For long range treatment, though, it is important to find an OCD therapist who will help you learn how to challenge the thoughts as I described above. The therapist will teach you exposure therapy, which gradually exposes you to what you fear. He/she will help you find out what causes you anxiety about gayness. You may be asked to look at a magazine with male models, wear certain colors of clothing, dress up when you don't feel like it, hang out with male friends, or any of a variety of other suggestions. These specific actions may cause initial anxiety when you do them. In fact, your anxiety may get very high, depending on the assignment. This is called a "spike" of anxiety. OCD experts have proven that if you have enough of these spikes and see that you have not "turned gay" yet, then eventually the OCD will see that it cannot make you afraid and the fear diminishes and finally goes away. The gay worry goes away because you will finally realize that that is all it is, just a worry causes by a medical disorder. Just be very sure that the therapist you choose has experience in treating OCD with exposure therapy. Just talking about gayness and your feelings is not going to help. OCD therapists are hard to find, so be selective.

OCD always attacks whatever is so close and important to you. Have you noticed that all of the posters here with HOCD are young, usually teens or early 20's? That is because sexuality is so important at this time in your life. You want relationships, things may not have worked out in the past, you yearn for a good mate and a family some day. OCD sees this as an opportunity to start an anxiety on this particular subject. I doubt that an old married lady like me would ever have this particular OCD fear. That is why I always try to say that the subject matter of OCD is not that important. It just so happens that this is the fear that OCD has decided to torment you with because it knows this is important to you.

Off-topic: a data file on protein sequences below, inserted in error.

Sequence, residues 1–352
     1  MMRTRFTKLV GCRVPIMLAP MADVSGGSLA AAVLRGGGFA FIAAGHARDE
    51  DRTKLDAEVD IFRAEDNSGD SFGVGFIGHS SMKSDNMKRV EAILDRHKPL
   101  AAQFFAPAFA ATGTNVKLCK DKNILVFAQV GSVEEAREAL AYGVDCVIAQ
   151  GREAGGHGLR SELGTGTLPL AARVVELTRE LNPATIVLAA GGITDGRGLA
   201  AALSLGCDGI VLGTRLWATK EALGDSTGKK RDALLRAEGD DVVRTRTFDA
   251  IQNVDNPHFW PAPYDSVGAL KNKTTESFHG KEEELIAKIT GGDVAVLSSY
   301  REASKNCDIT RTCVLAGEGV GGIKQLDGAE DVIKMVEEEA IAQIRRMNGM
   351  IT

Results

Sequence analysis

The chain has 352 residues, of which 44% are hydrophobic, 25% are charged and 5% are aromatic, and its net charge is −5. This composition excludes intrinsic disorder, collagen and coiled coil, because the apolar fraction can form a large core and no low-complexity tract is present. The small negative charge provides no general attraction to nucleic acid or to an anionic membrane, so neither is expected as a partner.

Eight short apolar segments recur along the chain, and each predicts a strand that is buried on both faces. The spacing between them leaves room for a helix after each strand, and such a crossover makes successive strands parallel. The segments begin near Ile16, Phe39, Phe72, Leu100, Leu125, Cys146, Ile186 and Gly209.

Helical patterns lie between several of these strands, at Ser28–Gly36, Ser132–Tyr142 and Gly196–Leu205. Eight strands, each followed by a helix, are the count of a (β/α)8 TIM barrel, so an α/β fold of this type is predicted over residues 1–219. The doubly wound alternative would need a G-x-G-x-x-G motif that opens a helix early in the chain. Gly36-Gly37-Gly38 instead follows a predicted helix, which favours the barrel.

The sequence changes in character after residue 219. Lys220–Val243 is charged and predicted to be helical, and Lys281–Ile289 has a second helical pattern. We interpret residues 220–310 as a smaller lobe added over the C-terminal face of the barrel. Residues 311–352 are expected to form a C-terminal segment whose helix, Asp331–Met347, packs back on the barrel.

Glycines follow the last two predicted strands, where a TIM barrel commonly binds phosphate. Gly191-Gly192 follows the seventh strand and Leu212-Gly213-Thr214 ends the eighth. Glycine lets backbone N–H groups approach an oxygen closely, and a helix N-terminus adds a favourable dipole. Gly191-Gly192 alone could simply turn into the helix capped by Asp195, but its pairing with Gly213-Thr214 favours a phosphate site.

Think of this disorder as a game where you want to win. You can conquer this fear with hard work. It will get to the point where you will not even have these thoughts, or if you do, you will know what they are. It's just OCD trying to mess with you. I know what you are going through right now. My son was at this exact same point last year when he was just 15 years old. Believe me when I say that it will get better. Just do what you are supposed to do. You can't just sit on this one. It won't get better on its own.

As far as telling your parents, that will have to be your call. My son had to tell us because he was in such a high state of panic and didn't know what else to do. We didn't even know what he had when he first told us how anxious he was. It was so out of the clear blue for him to suddenly think that he was gay. He always had totally hetero feelings before. When we finally got the OCD diagnosis from the psychiatrist and started reading about OCD, it all made sense. Everything matched to a "T" with how his symptoms were. Since you are ahead of him about knowing about OCD, I would recommend telling your parents that you think that you have OCD and need to see a psychiatrist to confirm your belief. I would give them some printed material from the internet about OCD, in particular, any article about homophobic OCD. That will help them to understand it. I think that if they knew how anxious you have been recently, they would jump at the chance to help you get better. No one should have to live like this, and there is help. So just do it! Good luck to you, and write back to let me know how it all turns out.

John 16's Mom